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Sims presses for law to curb illegal recyclables

Keywords: Tags  Sims Metal Mangagement, Sims Municipal Recycling, scrap scavenging, New York City Department of Sanitation, Ron Gonen, Tom Outerbridge, Samuel Frizell


NEW YORK — Scavengers who illegally raid recyclables by the bagful from New York City sidewalks could face much higher penalties—and Sims Metal Management Ltd. could reap the benefits—if a proposed law is passed.

The New York City Department of Sanitation collects hundreds of thousands of tons of recyclable material from city streets every year and sells it to Sims Municipal Recycling, a subsidiary of Sims Metal Management. But sanitation department officials and Sims Municipal Recycling claim they’re not getting as much recyclable material as they should be, resulting in tangible losses to the bottom line.

According to the sanitation department and Sims, pilferers appear to be working with criminal syndicates to steal significant quantities of recyclables—including large items like refrigerators and washing machines—off the streets each day, reducing Sims’ scrap supply and costing the city what it estimates to be about $4 million to $6 million each year.

While individuals—often poorer New Yorkers or the unemployed—can legally collect bottles and cans from sidewalks, it’s illegal when recyclables are collected en masse and loaded into trucks and vans, city sources told AMM.

"If you’re somebody who’s just collecting bottles and cans, that’s fine," deputy commissioner of sanitation Ron Gonen said. "But if you’re aggregating what’s not yours and sticking it in a truck, that’s going to be a problem."

When Sims Municipal Recycling’s 20-year contract with the city began in 2009, Sims collected about 19,500 tons of metal, glass, plastics and miscellaneous garbage from the New York City Department of Sanitation each month, sources told AMM, but that volume has dropped to about 18,000 tons per month, apparently due to the theft of recyclables rather than any reduction in non-recyclable trash.

Sims general manager of municipal recycling Tom Outerbridge told AMM that his company loses around 2,000 tons, or about $400,000, each month to thefts of ferrous scrap alone. About half of that is in the form of large scrap items like refrigerators, washing machines and swing sets, while the rest of it comprises smaller scrap items like steel cans. At the same time, Sims said it is collecting more miscellaneous garbage than ever before, keeping its margins under pressure.

Sources said that drivers of trucks or vans often with out-of-state license plates illegally pick up large recyclable items left out for collection by the city. Sometimes, they also pay individual street bottle and can collectors for recyclables they’ve gathered, paying a lower rate compared to what they’d earn at a sanctioned redemption center but giving them the advantage of a fast and reliable pickup.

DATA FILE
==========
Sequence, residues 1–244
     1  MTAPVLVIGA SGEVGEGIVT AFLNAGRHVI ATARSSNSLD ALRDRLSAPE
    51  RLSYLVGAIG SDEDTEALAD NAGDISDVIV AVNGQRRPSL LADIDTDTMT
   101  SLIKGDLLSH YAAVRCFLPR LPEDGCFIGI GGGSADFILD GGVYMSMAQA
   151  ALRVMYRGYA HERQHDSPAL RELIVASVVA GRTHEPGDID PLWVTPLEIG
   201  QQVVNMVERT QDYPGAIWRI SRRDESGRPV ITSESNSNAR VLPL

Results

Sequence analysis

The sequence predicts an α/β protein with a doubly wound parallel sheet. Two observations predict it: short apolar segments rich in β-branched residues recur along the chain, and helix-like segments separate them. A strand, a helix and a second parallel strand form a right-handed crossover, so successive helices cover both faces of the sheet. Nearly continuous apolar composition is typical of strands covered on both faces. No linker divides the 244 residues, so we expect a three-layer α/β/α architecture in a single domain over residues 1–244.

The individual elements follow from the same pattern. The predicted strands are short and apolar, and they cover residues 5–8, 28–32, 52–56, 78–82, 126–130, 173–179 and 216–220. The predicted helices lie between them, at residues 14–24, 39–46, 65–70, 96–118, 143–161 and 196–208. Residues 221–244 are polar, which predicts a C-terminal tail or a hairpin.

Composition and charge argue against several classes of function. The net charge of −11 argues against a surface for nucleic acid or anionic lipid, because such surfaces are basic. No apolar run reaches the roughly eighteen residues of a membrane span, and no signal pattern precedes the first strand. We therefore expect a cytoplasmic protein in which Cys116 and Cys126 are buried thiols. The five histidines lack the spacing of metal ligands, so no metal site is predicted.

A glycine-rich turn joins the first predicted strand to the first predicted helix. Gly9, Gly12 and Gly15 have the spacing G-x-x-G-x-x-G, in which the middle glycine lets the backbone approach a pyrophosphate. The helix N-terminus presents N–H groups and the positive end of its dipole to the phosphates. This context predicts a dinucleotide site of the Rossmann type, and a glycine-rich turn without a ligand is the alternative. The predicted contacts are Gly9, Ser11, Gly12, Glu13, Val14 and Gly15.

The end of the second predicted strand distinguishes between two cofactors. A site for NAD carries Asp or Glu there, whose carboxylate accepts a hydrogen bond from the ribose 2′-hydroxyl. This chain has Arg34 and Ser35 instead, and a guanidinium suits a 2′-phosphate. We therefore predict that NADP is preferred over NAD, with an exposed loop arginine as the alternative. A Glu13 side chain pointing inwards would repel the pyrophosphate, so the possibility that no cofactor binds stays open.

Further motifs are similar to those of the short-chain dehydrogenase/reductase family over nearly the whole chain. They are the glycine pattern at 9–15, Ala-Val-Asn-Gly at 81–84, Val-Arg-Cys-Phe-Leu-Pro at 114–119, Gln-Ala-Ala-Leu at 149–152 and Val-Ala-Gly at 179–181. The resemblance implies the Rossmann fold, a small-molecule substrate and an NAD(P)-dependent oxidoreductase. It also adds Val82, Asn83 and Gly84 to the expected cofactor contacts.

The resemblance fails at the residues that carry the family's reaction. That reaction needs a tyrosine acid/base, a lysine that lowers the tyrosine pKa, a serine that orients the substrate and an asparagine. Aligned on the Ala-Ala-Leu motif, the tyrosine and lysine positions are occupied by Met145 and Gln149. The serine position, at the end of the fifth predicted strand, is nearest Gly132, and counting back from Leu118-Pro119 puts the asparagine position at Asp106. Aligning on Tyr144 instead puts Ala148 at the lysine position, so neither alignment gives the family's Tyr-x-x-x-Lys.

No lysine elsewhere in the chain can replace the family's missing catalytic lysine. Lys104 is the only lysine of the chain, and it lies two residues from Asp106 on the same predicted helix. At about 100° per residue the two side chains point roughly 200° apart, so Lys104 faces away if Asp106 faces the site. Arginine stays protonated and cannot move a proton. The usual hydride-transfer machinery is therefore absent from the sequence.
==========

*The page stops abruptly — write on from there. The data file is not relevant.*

"What we suspect is going on is that people are driving trucks into the city and then collecting bottles and cans from people on the street, and then bringing it back to trucks," Gonen said. "It is illegal, but there’s very little we can do."

"There’s the historic peddler who might be going around with a shopping cart. But what we have noticed a lot more is what I would consider systematic organized scavenging, vehicle-assisted scavenging," Outerbridge said.

Details are sketchy, but Sims and city officials said that collectors often appear to work in organized groups and sell their scrap to yards that may not know the recyclables they’re buying are illegal.

Widespread scavenging like this affects recyclers, scrap dealers and the environment alike, Gonen said, and while most of it presumably ends up being recycled, the city ends up losing track of products, including environmentally problematic items that traditionally are tracked.

"The industry as a whole is also losing because nobody knows how it’s being collected and where it’s going," Gonen said.

Sims has urged the New York City Council to implement a law that would deter scavengers. A bill intended to do just that is now in the early stages of discussion and—if passed—could give the city a tighter hold on recycling by allowing the sanitation department to adopt its own rules regarding recycling removal.

According to Gonen, the sanitation department wants to create a criminal penalty for removing trash from commercial premises and require consent between small building owners and trash removers. He declined to discuss the language of the proposed bill further, noting that it is still in the early stages.

Whatever form the bill finally takes, however, it "enhances the department’s ability to enforce the law against persons who accept material that is illegally removed from the curb without authorization," Gonen told AMM in an e-mail.

The bill most likely will come before the city council within the next month after the details of the proposed law are hashed out, according to an aide to council member Letitia James.


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